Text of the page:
Mortgage Prequalification vs. Preapproval

What Is the Difference Between Prequalification & Preapproval?


Prequalification is when a lender gives you an informal estimate of how much you can borrow, based on your gross income and debts. You won’t necessarily be approved for that amount, but the quick estimate is helpful when you’re shopping around for a mortgage. Requesting a prequalification letter from your lender can result from a quick conversation over the phone and does not require them to pull your credit report. It’s common for listing agents to require Buyers that are financing to submit a prequalification letter prior to scheduling a showing. This requirement helps weave out Buyers that are “just looking,” and limits showings to prequalified buyers that are already positioned to submit an offer.

How Do You Prequalify?

Lenders use two qualifying ratios to determine how much you can afford. The housing ratio and the debt-to-income ratio. Both ratios help determine how much of your gross income can comfortably go toward mortgage payments. Lenders use both ratios to calculate dollar amounts. The lower of the two amounts is considered your maximum monthly mortgage payment. Once lenders know this, they can estimate the maximum loan amount you can borrow.

Housing Ratio

The housing ratio is the maximum percentage of your gross income that you can spend on your mortgage payment. Typically, lenders allow a maximum housing ratio of 31%. Remember that your full mortgage payment consists of principal, interest, taxes, and insurance. Here is a formula to help calculate your monthly payment. This is only a basic estimate of what your payment might be and doesn’t factor in your debts:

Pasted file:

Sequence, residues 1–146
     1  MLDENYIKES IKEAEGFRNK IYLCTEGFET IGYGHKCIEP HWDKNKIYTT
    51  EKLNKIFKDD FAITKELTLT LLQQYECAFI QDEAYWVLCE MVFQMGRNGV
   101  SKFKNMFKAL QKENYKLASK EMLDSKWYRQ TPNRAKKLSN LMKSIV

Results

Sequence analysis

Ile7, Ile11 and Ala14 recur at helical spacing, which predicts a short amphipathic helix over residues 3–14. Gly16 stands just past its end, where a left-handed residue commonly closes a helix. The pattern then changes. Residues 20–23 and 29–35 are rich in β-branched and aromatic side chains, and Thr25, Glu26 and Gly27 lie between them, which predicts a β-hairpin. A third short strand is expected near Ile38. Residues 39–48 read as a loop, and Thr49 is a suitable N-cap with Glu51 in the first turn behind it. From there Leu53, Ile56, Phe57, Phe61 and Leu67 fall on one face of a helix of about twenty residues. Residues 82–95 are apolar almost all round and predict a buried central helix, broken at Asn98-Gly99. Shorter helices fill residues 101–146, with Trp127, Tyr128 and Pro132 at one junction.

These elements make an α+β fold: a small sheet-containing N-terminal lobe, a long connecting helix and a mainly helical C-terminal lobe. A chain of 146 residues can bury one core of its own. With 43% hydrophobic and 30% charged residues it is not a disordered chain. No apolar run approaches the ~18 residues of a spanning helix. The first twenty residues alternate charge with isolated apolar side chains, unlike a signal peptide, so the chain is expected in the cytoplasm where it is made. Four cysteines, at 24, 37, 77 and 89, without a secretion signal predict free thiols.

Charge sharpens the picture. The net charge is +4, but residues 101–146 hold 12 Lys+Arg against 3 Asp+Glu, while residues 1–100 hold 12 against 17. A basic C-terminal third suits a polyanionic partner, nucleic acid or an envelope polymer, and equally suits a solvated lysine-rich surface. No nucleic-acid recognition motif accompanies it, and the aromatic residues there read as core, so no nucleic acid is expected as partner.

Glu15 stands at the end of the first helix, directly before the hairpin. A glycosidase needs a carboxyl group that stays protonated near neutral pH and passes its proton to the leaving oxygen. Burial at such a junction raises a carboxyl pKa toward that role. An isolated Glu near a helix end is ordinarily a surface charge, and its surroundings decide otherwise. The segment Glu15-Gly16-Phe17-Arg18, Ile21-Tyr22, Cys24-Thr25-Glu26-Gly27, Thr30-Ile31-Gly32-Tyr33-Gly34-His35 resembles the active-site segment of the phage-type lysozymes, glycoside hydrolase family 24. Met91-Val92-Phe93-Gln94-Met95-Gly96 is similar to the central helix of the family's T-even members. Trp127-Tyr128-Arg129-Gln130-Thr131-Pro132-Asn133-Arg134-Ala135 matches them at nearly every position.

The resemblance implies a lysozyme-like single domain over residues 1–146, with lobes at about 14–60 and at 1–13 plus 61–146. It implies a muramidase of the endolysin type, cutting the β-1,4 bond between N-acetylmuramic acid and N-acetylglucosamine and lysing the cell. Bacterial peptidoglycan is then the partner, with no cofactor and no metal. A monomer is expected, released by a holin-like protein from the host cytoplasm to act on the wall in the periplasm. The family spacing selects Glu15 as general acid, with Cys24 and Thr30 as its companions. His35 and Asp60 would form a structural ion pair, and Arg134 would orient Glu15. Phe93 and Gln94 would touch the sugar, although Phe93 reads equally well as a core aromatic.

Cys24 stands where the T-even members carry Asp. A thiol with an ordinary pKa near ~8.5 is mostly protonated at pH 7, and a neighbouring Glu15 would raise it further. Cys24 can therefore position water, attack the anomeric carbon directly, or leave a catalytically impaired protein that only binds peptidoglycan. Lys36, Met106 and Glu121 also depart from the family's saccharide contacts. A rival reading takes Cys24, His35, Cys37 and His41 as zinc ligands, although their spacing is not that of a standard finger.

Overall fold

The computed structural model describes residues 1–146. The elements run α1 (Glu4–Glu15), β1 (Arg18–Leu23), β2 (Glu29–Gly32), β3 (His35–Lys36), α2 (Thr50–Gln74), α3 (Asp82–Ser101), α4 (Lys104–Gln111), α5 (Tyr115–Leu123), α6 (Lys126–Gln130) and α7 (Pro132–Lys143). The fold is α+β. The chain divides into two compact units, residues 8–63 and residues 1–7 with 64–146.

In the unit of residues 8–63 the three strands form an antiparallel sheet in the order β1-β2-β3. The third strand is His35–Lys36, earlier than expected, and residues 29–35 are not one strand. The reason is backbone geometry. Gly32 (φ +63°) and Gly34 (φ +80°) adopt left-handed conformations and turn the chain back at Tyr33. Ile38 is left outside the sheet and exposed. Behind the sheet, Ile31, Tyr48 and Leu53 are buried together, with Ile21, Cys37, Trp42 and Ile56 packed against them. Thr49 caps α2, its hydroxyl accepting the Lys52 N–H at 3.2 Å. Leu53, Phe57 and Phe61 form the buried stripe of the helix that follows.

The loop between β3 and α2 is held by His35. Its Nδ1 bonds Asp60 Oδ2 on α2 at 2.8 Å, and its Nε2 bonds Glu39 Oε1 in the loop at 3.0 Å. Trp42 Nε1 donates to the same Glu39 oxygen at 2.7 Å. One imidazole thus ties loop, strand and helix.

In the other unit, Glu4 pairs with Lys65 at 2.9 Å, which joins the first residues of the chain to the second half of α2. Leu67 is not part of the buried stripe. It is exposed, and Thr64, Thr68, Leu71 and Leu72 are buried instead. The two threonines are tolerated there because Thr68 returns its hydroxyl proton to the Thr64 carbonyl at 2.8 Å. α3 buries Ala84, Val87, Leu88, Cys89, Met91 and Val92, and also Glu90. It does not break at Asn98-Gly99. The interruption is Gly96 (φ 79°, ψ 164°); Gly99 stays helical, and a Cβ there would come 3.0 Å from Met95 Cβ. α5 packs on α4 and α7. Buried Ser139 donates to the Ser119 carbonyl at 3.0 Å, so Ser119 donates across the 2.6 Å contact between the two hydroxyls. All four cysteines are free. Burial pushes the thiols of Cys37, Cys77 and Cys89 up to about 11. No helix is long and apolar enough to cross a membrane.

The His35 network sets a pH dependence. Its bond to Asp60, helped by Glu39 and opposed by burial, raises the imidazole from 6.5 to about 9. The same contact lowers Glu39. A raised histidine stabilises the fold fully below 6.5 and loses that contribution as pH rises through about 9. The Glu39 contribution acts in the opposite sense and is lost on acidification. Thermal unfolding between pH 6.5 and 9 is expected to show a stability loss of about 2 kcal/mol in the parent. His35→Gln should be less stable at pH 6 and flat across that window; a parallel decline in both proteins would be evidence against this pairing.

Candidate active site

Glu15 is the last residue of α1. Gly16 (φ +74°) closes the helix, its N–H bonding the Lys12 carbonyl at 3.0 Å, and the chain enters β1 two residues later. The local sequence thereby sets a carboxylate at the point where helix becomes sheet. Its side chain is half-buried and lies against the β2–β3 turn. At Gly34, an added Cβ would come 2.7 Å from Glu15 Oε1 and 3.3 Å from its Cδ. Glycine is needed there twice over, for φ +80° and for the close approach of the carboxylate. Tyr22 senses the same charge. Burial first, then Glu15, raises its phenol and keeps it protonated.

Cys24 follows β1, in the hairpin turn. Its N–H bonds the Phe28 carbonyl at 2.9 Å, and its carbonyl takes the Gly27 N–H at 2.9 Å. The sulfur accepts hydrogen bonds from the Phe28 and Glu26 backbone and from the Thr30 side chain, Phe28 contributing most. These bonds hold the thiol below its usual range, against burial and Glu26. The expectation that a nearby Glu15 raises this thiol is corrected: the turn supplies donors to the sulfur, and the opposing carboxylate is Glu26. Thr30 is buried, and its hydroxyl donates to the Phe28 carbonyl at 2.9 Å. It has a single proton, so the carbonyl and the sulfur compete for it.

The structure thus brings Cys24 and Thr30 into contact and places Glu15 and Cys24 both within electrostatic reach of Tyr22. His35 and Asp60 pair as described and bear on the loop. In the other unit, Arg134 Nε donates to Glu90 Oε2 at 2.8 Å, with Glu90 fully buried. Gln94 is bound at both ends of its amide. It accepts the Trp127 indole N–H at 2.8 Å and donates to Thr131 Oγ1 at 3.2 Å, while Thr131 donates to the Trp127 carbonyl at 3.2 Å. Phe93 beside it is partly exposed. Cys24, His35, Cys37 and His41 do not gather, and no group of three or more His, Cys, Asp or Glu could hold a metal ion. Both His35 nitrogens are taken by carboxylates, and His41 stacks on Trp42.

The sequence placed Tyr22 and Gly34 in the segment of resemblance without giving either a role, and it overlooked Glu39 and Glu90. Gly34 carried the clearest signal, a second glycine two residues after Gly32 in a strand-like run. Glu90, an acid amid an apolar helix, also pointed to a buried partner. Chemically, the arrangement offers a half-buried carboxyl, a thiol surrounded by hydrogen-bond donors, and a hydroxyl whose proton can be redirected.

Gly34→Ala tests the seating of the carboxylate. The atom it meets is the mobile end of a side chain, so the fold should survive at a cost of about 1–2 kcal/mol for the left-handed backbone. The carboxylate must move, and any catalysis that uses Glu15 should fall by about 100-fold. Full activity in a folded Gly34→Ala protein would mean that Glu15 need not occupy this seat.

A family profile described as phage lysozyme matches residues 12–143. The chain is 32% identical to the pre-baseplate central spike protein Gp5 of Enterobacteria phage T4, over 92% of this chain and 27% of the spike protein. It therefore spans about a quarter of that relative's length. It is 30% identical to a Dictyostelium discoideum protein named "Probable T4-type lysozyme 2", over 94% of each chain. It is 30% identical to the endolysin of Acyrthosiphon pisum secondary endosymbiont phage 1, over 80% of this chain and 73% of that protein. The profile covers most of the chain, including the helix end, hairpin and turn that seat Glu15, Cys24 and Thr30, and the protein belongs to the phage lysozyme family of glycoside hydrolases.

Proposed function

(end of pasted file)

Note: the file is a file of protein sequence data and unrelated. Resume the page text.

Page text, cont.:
mortgage calculator

Debt-to-income Ratio

The debt-to-income ratio is the percentage of your gross income that you can spend on housing plus debt payments. This ratio varies by loan product, but it’s often in the 41%-43% range. High levels of debt cut into how much you can afford to pay toward your mortgage, which in turn could lower your overall loan amount.


Preapproval comes later when you start seriously looking at homes and have found a specific property that you’re interested in submitting an offer for. A lender agrees to loan you a specific sum based on your actual loan application, as long as you meet certain conditions. Lenders can provide a preapproval letter after reviewing your financials such as tax returns, pay stubs, profit and loss statements, credit report, and debt. A preapproval letter from a lender gives you more negotiating power with sellers because it shows you have the funds to back up your offer.

I encourage my clients to submit a preapproval letter upfront with all financing offers to help them stand out from competing offers. For more information about how to submit a competitive, financing offer contact me.

mortgage preapproval letter

Example of a Preapproval Letter from Ohana 1st Mortgage

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